Prostat Kanserinde Hormonoterapi Alan ve Almayan Hastaların Fiziksel Aktivite, Egzersiz Kapasitesi, Yaşam Kalitesi ve Yorgunluk Düzeylerinin Karşılaştırılması
Danış, Şükran Mine
Ambargo Süresi6 ay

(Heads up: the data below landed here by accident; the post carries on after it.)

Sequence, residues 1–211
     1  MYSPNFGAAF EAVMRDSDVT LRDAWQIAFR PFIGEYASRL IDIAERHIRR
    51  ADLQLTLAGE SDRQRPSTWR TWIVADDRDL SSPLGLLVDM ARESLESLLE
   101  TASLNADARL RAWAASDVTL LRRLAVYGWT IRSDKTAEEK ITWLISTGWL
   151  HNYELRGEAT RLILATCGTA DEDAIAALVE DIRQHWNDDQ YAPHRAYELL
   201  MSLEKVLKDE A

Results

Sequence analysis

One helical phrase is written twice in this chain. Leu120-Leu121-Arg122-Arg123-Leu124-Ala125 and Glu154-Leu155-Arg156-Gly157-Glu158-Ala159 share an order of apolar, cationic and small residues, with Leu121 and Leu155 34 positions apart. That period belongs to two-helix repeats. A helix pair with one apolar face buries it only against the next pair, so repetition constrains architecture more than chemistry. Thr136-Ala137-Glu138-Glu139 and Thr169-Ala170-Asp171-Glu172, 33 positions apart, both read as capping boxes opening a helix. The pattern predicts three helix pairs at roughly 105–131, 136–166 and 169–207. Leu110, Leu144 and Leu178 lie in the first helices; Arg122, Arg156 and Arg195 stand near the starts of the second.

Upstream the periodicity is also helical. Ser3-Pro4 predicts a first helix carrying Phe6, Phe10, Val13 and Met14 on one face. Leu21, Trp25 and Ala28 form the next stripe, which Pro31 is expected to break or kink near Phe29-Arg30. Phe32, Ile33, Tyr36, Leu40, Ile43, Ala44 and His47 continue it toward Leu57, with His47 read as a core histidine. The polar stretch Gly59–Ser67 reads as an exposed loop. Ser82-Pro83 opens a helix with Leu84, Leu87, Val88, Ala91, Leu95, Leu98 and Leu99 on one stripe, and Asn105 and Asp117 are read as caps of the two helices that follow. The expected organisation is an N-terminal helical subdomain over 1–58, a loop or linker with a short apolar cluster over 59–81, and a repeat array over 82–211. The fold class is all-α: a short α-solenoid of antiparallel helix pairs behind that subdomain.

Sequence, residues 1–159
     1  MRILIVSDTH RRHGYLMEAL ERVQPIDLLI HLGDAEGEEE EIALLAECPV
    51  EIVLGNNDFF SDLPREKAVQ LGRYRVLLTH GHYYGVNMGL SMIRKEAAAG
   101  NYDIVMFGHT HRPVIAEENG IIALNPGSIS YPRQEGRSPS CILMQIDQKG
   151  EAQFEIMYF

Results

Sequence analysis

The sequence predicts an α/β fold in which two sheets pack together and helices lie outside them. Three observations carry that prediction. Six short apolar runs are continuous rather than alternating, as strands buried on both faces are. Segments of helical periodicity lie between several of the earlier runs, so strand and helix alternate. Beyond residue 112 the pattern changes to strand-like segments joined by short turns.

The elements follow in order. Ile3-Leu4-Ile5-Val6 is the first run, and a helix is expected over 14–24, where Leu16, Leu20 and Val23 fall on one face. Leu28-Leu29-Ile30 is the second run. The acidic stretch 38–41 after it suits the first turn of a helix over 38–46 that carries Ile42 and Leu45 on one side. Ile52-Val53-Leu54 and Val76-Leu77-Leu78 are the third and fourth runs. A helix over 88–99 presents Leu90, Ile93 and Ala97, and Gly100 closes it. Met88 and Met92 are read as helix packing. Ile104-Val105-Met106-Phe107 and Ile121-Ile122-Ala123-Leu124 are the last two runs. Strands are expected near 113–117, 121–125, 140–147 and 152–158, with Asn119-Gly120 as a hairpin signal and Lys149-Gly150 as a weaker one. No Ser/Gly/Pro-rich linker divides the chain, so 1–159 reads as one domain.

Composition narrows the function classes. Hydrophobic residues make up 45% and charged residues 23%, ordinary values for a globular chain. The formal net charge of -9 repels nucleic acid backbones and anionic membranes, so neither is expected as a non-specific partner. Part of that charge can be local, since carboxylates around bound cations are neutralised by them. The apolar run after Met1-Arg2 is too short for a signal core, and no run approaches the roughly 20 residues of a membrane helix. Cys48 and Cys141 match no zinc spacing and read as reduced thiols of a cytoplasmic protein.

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Physical activity level, exercise capacity, quality of life and fatigue level may be affected in prostate cancer patients receiving hormonal therapy. The aim of our study was to evaluate the physical activity, exercise capacity, quality of life and fatigue levels of prostate cancer patients who received hormone therapy, and to compare them with prostate cancer patients who did not receive hormone therapy and healthy individuals. Twenty prostate cancer patients receiving androgen deprivation therapy, 20 prostate cancer patients not receiving androgen deprivation therapy, and 20 healthy individuals who were similar in age, height and weight were included in the study. The physical and demographic characteristics of the participants were recorded. In the evaluation of the participants, the exercise capacity was evaluated by the six-minute walk test (6MWT) and the ten-meter walking test, the physical activity level was evaluated by the International Physical Activity Questionnaire (IPAQ), the fatigue level was evaluated by the Fatigue Severity Scale (FSS), and the quality of life was evaluated by European Organization for the Research and Treatment of Cancer Quality of Life Questionnaire (EORTC QLQ-C30) and prostate cancer module (EORTC QLQ PR-25). The Senior Fitness Test (SFT) was used to assess physical fitness, the Timed Up and Go Test (TUG) and Berg Balance Scale (BBS) were used for balance assessment, and the Barthel ADL Index was used for activities of daily living. Lower body muscle strength was evaluated with the 30 sec Sit and Stand Test, and grip strength was evaluated with a Jamar hand dynamometer. As a result of the study, 6MWT distance, quality of life scores, grip strength measurement, parameters of SFT; biceps curl test, sit-to-stand test repetitions and BBS scores of prostate cancer patients receiving androgen deprivation therapy (ADT) were found to be significantly lower than the other groups (p<0.05). In prostate cancer patients who received ADT, the duration of the ten-meter walk test, TUG time, and parameter of the SFT; the 8-foot up an go test time were significantly higher than the other groups (p<0.05). There was no significant difference between the three groups in terms of IPAQ scores, the chair sit and reach test, and the back scratch test of the left upper extremity (p>0.05). In conclusion, balance, exercise capacity and fatigue aresignificantly affected in prostate cancer patients receiving hormone therapy compared to healthy individuals. By evaluating the physical fitness and functional capacities of prostate cancer patients receiving hormonal therapy in the early period, it will guide in planning physiotherapy and rehabilitation programs suitable for the individual and in coping with the side effects of androgen deprivation therapy.